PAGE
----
Paris; This city has absolutely everything you could want from a holiday destination; amazing food, gorgeous architecture, a rich history (dating back to the 3rd century BC) and an abundance of museums, churches and lavish gardens. Paris will always hold a special place in my heart and is a destination that I never get tired of visiting.

The best time to visit Paris is spring or the beginning of summer, the temperature is quite mild and the hordes of summer tourists from not only other parts of Europe but around the world will not yet have ascended on the city. However with a temperate climate all year round there is no wrong time to go, during the winter months the temperature rarely dips below freezing.

Currency: France uses the Euro and almost everywhere accepts card, however having some cash would be advised if you wanted to buy some small trinkets and keepsakes from the numerous stalls dotted around.

Where to stay: My favourite place to stay is the 8th and 9th Arr. here you are far enough removed from the numerous tourist traps of being in central Paris, while still being close enough to walk down to the Seine or alternatively catch the very easy to use and efficient metro.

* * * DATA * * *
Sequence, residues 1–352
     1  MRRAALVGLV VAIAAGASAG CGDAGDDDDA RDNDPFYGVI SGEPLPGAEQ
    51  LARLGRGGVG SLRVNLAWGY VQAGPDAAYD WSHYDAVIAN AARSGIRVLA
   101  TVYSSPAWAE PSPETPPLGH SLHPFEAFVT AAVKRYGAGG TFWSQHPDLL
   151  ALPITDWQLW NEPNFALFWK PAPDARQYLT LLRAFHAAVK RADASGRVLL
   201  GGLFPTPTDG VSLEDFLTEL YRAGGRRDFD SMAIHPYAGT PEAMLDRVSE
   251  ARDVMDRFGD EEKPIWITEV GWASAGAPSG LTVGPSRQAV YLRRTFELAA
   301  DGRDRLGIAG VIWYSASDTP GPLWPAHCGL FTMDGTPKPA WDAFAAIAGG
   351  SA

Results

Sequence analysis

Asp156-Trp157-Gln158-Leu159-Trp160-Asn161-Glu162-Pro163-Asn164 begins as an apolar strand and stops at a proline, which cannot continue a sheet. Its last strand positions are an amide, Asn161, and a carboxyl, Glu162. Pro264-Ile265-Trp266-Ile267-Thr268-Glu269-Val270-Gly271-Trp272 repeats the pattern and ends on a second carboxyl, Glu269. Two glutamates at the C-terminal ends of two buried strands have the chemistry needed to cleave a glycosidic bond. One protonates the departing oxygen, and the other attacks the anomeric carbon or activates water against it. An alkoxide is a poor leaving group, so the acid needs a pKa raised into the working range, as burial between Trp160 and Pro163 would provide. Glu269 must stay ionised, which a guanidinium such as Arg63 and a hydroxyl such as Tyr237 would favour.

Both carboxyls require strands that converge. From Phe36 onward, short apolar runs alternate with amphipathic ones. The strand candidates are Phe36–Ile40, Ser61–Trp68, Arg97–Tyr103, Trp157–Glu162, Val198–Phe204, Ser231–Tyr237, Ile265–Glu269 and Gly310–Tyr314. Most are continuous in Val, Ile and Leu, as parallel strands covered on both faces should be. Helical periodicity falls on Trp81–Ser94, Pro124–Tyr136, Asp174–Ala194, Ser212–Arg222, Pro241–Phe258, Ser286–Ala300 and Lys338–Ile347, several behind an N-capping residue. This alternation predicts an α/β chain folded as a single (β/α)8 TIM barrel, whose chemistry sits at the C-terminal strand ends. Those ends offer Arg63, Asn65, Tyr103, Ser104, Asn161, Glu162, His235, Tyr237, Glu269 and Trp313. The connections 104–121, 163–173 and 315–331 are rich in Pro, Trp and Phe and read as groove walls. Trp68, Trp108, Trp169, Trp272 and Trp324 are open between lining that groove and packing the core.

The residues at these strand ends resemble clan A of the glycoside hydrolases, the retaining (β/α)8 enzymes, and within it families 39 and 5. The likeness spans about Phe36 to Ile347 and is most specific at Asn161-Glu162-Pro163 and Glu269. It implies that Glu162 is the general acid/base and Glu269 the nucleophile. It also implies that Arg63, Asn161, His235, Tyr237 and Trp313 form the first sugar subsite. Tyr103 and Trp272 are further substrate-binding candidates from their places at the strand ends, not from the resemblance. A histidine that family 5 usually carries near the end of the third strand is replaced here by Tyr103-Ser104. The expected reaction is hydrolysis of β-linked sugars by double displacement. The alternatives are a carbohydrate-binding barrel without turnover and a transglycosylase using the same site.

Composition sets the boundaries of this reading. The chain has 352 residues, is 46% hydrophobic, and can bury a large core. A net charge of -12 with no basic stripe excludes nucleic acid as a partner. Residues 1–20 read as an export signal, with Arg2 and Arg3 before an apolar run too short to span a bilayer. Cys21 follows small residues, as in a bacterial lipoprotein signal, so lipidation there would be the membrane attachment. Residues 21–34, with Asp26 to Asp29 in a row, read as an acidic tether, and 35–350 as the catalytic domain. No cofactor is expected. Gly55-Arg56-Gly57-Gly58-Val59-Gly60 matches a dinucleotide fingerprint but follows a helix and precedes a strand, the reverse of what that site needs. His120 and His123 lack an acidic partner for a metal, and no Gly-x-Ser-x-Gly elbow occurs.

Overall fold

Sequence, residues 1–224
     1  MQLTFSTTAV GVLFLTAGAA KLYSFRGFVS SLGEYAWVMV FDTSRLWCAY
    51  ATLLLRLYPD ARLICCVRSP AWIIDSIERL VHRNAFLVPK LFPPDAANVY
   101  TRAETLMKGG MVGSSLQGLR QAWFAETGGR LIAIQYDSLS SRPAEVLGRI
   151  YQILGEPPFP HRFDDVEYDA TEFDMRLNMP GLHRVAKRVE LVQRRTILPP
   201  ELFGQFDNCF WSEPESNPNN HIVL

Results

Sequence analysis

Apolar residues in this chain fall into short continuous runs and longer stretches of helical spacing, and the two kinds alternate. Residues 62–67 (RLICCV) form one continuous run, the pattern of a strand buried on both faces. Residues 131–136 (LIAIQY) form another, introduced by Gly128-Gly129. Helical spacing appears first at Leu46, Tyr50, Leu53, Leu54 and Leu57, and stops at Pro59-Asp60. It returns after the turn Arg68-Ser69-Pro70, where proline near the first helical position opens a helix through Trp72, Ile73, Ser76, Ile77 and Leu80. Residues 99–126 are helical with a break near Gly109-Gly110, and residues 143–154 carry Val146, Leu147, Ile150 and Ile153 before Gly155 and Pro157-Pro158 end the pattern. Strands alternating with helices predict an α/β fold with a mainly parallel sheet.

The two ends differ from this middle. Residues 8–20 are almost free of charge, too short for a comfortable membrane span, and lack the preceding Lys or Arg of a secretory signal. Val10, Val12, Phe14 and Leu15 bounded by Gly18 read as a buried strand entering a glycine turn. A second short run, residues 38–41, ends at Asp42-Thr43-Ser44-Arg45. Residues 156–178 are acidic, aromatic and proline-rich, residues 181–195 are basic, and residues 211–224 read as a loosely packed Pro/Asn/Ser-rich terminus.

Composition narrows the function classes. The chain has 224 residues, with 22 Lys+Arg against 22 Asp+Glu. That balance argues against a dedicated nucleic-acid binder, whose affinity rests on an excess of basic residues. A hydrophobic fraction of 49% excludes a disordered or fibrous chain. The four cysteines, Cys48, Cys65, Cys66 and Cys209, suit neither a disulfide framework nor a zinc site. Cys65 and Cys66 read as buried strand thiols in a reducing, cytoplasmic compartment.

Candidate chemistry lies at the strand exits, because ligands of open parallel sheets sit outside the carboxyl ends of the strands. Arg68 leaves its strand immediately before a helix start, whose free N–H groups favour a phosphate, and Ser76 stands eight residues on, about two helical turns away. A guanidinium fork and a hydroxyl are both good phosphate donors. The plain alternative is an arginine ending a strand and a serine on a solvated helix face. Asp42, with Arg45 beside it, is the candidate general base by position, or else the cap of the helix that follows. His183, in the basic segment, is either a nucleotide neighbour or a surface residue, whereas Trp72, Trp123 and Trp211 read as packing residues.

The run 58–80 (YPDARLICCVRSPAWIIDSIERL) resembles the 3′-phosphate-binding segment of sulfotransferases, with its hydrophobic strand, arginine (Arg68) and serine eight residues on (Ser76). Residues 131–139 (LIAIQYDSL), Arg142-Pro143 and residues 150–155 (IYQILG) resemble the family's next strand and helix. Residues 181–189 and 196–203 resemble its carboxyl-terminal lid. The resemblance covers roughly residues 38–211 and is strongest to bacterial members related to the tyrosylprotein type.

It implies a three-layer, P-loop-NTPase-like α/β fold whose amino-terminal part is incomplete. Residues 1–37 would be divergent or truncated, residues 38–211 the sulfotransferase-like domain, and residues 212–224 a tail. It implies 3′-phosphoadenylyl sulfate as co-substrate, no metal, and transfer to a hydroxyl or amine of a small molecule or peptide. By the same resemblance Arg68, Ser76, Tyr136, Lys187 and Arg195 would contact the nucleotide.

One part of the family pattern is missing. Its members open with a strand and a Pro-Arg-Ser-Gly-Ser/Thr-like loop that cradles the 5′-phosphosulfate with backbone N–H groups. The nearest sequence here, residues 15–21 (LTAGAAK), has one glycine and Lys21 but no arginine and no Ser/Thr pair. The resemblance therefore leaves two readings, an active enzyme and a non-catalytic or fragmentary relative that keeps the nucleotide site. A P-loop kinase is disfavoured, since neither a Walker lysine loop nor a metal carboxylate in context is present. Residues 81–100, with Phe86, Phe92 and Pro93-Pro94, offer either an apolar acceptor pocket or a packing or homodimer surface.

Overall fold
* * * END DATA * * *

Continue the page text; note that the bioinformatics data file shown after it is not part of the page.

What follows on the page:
What to see:

  • Eiffel Tower; the most visited paid tourist destination in the world, this stunning tower was built between 1887-89 for the world’s fair and has become one of the most recognizable symbols in the world. The panoramic views from the top are jaw dropping. The best time to go up is for sunset; however expect long queues and lots of people. But it is worth the jostling to get to see Paris transform from day to night. You can also find yourself a nice spot on the grass and have a picnic as the sun sets over the Eiffel tower, just be prepared to be hassled a few times by people selling selfie sticks.
  • Versailles; The sun kings palace is a 45min train ride from the center of Paris and leaves quite frequently every day (RER C line – but google maps will provide you with the most accurate timetable from your location) and is one of, if not the most impressive palace I have seen, with an estimated 2 Billion Euro being spent on the palace, furniture and the grounds during the reign of Louis XIV. The decadence is extraordinary with more gold and baroque than you can shake a baguette at; you can take your time wandering through the many palace rooms but will usually take around 2-3hours to do a complete circuit. The palace also boasts amazing and gardens and grounds which are the perfect place to relax for a b.y.o. picnic. Be warned though you are not permitted to take bags into the palace so any food you have make sure it’s in a cooler bag which you can leave at the coat room.